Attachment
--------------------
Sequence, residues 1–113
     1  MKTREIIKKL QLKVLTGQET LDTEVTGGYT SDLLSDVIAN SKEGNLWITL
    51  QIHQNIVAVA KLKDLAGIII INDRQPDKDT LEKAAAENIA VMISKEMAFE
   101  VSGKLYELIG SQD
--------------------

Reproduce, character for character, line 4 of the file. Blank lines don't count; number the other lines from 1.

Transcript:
   101  VSGKLYELIG SQD